wants to be a dual threat. His head coach isn't so sure. (Bob Levey/Getty Images)
It’s a little-known fact that before current NFL Defensive Player of the Year J.J. Watt transferred to the University of Wisconsin in time for the 2008 season, he played for Central Michigan as a tight end, and caught eight passes for 77 yards. Watt made his bones in college as a dynamic defensive lineman, and that certainly bore fruit in 2012, when he put up what may have been the most statistically impressive season by any defensive lineman in NFL history.
Still, Watt can’t forget what it feels like to catch passes, and he’s been bugging Houston Texans head coach Gary Kubiak about it. The recipient of one incomplete pass from Peyton Manning in the most recent Pro Bowl (see the breakdown below) has been working out on the JUGS machine, and he’s convinced that he could wreak just as much havoc on enemy defenses as he does when he’s dealing with opposing quarterbacks.
“It’s just about being an athlete,” Watt said on Tuesday about those receiver reps. “I have fun, catching balls is fun, just doing whatever you can to be an athlete, working on hand-eye coordination, and the little things. It never hurts to be able to catch a football.”
Clearly, though, this is a step forward in Watt’s campaign to get in on the other side of the ball, right?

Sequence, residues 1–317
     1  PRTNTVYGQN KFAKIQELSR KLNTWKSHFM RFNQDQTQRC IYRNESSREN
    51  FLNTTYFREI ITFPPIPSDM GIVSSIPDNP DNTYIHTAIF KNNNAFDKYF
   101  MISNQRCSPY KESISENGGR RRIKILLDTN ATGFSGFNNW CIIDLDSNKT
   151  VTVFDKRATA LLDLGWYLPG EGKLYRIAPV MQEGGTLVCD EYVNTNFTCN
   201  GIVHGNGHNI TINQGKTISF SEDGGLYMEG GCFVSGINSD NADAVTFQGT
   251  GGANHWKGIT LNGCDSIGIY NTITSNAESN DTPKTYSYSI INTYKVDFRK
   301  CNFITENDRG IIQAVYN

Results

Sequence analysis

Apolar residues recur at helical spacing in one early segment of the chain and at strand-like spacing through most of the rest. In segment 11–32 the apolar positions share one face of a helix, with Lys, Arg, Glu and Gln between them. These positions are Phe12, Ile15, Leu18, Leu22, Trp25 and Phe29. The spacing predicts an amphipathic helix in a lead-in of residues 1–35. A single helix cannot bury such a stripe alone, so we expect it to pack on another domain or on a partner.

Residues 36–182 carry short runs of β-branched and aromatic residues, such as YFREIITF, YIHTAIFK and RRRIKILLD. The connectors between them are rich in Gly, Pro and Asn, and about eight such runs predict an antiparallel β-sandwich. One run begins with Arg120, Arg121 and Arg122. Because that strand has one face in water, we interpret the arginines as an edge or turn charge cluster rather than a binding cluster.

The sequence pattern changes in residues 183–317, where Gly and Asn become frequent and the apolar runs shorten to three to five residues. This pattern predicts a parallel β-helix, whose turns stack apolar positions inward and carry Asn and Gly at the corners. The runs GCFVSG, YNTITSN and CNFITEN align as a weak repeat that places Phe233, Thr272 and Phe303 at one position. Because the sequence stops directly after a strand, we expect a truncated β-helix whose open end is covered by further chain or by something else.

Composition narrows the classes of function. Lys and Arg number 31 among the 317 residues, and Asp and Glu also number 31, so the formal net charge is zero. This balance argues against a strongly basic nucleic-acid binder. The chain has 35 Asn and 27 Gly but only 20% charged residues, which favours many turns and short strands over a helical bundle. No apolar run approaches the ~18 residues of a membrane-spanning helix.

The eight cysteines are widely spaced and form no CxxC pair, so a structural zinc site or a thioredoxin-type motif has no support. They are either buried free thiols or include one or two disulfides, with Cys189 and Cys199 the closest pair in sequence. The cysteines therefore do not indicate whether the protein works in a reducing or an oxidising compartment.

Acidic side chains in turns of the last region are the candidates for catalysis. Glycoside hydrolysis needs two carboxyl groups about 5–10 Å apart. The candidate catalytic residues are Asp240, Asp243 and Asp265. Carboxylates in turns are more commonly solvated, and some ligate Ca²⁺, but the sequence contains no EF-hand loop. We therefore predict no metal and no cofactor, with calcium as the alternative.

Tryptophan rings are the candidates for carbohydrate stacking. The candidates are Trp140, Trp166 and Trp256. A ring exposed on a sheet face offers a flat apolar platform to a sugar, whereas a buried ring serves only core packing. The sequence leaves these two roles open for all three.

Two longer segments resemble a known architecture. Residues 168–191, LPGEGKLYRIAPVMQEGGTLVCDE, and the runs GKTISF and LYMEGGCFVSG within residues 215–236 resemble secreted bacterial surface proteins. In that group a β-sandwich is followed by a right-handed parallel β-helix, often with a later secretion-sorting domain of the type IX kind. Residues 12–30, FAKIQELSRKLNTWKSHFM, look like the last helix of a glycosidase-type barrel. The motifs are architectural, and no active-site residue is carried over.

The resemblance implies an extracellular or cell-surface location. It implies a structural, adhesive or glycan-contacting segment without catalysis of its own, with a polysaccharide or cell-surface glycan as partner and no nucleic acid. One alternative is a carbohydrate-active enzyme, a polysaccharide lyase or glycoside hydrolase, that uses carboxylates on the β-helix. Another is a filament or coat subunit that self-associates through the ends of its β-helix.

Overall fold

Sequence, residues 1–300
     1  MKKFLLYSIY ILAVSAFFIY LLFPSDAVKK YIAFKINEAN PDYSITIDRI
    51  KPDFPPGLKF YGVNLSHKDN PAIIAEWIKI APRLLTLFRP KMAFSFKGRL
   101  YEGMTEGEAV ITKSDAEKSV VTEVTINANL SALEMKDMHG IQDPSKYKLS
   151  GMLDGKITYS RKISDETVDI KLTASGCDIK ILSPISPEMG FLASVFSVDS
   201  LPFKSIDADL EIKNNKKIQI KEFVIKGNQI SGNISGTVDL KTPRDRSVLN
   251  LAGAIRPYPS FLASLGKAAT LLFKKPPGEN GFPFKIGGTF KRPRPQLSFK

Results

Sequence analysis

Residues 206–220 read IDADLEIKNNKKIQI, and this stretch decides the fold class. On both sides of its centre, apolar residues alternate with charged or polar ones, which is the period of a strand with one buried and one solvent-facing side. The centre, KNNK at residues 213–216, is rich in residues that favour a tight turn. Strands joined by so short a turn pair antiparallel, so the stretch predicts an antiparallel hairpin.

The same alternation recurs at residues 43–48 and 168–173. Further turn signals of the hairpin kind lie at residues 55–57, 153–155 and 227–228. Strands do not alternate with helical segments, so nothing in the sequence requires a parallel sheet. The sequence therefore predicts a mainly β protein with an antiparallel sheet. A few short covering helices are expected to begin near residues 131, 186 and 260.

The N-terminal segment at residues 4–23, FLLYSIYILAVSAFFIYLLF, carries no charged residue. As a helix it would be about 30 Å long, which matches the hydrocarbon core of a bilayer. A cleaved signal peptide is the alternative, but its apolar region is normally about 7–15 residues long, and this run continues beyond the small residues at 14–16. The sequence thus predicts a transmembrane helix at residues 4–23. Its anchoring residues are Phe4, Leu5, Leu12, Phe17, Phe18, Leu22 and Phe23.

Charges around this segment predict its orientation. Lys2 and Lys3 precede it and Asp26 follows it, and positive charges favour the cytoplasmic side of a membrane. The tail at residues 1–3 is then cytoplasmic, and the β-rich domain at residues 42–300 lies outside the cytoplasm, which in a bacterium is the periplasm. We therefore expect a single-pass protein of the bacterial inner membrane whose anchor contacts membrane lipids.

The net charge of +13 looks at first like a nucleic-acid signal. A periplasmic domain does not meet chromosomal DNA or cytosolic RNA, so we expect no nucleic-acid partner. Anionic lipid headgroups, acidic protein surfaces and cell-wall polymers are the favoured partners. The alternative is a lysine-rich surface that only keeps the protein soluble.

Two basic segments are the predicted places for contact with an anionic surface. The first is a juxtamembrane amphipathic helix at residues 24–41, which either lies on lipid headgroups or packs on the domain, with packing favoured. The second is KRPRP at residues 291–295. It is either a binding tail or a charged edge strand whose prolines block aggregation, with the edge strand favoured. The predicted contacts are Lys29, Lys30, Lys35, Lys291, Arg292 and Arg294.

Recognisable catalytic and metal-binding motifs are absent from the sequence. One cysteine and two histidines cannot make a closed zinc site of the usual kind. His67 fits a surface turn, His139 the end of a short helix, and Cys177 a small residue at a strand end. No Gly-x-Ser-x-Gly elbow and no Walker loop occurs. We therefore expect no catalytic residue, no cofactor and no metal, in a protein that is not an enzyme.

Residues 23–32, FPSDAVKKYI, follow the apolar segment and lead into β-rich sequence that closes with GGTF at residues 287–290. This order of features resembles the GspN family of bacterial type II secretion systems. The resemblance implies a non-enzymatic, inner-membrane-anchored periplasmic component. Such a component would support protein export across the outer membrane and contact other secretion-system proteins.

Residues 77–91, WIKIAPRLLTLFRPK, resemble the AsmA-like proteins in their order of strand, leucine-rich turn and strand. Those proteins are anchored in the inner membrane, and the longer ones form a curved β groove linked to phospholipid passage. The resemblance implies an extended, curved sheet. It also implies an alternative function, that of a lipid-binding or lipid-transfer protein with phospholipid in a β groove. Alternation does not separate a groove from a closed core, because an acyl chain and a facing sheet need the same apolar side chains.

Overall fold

“I’ve been lobbying since Day 1," Watt said. "It hasn’t worked yet, so I don’t think it’s going to work anytime soon, but it’s his team … We always joke about it. It’s never anything really serious. Who knows? Maybe one day.”
Kubiak did talk about a hypothetical “Wisconsin” package in which Watt and tight ends Garrett Graham and Owen Daniels (all Wisconsin alums, of course) could hit the field in a goal-line package, but “I don’t know what part of the Wisconsin package he would play,” the coach remarked about Watt.
Actually, the Texans have three tight ends from Wisconsin -- Jake Byrne is the other one on the current roster -- so Kubiak could go hog-wild with this if he so chose.
In the end, Kubiak threw cold water on the Watt idea, especially after seeing him line up wide in the Pro Bowl -- “No, I didn’t like that personally. When I saw he was going to line up out there, that scared me a little bit. We’ll let him keep getting after the quarterback and maybe we’ll find him a play or two of offense down the road.”
That’s probably for the best, job-security-wise. One can only imagine the calls for Kubiak’s head if Watt were injured while getting jacked up by a linebacker on a red zone drag route.
Still, it’s an intriguing idea, and Kubiak admitted that when it comes to Watt’s allegedly good hands, “He probably can do anything he wants to do.”